Before he was plunged into the middle of attempted regicide and a constitutional crisis, Chrístõ had hoped for a peaceful interlude on Adano Ambrado. He finally got it once the Dragon-Loge signed his Treaty and departed. Penne was delighted to have him stay as long as he desired as his honoured friend. Chrístõ was happy to enjoy the hospitality of the palace and most especially the long warm baths that Penne insisted on them taking together every morning.

His father and Maestro both stayed, too. They claimed that Gallifrey could get on without them for a while. The two older men and the two young ones formed a male only quartet, going out horse riding together and practicing archery in the courtyard or challenging each other at sports and games. In the evenings they played multi-dimensional chess and talked late into the night. Cirena pretended to be annoyed at Penne’s lack of attention to her, but she wasn’t really. She was glad that he was alive and well and had his friends around him. And she was busy getting to know Nestista, Penne’s suddenly adopted sister and helping her adapt to life in the Adano Ambradan court. Now that she knew the girl wasn’t a rival for Penne’s affections she enjoyed her company.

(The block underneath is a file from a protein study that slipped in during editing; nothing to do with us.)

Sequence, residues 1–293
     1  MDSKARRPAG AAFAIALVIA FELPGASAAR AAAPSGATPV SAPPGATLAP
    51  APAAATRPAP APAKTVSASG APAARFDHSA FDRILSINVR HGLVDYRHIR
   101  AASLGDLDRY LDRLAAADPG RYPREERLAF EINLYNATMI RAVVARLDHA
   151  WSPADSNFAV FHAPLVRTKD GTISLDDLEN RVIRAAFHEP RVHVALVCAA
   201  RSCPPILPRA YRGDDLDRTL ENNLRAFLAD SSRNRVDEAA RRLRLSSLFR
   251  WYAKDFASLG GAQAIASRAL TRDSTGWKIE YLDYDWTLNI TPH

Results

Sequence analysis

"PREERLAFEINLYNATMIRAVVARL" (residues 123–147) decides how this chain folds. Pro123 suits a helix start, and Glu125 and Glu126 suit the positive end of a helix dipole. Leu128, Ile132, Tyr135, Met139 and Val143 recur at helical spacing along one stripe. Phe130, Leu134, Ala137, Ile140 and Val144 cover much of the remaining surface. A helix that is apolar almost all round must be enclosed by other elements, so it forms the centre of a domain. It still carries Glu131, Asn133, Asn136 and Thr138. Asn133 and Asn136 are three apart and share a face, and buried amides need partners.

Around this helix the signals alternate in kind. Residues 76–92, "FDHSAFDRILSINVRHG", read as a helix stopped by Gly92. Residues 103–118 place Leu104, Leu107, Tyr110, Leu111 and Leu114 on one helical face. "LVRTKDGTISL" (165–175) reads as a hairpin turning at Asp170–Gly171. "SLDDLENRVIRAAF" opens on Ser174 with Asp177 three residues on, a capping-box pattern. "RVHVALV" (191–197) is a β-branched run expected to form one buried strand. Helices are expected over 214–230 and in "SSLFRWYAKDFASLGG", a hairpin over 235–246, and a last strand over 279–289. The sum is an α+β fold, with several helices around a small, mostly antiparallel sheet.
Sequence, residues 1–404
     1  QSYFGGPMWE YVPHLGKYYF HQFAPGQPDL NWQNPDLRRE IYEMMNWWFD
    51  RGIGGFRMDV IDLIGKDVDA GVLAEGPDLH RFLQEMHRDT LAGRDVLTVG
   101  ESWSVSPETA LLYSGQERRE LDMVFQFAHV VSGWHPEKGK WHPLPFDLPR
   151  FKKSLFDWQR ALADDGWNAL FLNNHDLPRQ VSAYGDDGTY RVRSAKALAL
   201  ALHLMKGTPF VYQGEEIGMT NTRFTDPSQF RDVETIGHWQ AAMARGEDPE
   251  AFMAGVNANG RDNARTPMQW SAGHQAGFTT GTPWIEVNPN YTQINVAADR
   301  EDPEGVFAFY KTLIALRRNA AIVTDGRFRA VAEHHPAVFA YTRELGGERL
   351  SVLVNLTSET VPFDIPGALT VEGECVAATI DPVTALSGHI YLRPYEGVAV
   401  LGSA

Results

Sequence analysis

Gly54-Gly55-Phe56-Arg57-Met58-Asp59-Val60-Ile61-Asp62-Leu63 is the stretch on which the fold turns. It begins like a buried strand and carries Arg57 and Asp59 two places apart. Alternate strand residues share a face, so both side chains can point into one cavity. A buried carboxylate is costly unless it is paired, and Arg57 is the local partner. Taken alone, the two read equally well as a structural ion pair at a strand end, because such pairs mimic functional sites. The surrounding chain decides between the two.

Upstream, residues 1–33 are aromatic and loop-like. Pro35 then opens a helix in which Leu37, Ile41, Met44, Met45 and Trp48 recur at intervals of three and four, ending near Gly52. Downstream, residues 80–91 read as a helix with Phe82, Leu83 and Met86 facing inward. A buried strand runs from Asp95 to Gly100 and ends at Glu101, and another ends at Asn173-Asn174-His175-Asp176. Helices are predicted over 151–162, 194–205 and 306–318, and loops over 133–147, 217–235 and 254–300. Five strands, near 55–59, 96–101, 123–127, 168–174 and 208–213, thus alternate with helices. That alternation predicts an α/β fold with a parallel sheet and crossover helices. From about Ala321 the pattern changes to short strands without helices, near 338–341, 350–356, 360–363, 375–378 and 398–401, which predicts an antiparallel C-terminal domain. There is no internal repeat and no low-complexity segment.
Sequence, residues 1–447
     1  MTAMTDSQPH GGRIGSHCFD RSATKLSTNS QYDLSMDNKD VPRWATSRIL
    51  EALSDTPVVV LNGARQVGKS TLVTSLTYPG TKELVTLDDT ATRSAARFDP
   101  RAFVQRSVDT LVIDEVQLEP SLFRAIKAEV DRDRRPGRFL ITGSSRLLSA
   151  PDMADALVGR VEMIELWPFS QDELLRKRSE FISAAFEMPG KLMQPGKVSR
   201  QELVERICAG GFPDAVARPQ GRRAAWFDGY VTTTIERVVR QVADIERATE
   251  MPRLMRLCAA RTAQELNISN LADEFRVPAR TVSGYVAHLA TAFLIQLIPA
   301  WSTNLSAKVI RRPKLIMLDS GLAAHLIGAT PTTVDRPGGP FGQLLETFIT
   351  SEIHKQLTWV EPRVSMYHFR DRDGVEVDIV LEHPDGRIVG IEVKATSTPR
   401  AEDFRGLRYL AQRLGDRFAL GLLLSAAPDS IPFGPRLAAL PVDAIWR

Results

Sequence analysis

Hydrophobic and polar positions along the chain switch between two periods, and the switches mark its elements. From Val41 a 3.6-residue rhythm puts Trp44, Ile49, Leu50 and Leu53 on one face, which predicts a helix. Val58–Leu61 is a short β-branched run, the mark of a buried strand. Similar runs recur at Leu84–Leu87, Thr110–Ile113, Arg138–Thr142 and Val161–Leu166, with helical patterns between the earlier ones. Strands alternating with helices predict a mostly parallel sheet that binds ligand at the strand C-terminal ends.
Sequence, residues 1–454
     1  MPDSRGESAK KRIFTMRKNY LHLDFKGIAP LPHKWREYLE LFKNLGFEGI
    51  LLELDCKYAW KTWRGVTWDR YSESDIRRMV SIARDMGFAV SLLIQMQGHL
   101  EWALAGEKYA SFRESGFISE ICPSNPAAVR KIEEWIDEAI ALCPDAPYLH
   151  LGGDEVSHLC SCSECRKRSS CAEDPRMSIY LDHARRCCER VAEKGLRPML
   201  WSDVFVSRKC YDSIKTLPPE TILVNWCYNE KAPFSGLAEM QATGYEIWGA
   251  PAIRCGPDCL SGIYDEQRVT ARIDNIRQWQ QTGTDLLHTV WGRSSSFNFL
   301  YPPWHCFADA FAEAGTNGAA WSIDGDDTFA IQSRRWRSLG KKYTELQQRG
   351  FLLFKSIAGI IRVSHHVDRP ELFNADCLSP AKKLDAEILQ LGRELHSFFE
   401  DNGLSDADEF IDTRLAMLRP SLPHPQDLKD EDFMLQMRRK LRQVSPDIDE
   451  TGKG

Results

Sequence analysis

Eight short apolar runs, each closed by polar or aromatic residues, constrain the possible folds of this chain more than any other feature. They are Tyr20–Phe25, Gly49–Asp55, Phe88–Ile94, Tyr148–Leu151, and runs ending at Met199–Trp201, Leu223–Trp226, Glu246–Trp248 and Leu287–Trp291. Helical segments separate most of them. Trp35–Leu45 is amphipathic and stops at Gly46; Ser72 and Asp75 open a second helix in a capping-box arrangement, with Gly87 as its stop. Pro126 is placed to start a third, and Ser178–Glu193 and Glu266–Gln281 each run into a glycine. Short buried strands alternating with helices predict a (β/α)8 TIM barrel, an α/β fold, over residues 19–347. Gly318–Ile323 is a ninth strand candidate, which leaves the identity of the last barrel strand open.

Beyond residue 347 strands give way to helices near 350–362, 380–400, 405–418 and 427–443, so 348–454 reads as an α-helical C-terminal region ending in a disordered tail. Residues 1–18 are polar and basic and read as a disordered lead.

“That young woman has her eye on Chrístõ, you know,” Maestro said of her when the ladies had retired to bed and left them to their drinks and conversation. “She knows it was he who accepted her from her brother, not the King, and she has ideas about him.”

“I hope not,” Chrístõ answered, horrified. “Somebody tell her I’m spoken for.”

“That you are,” Maestro admitted. “And you’re a fine fiancé to your promised one, never letting your head be turned by pretty young women.”

Chrístõ’s father laughed and said something in a low voice that sounded like ‘Cam’. Chrístõ blushed.

“NOTHING ever went on between me and Camilla,” he protested. “OR Cam. And Father, you know that PERFECTLY well.”

“Yes, I do,” he admitted. “You’re an honourable Gallifreyan.”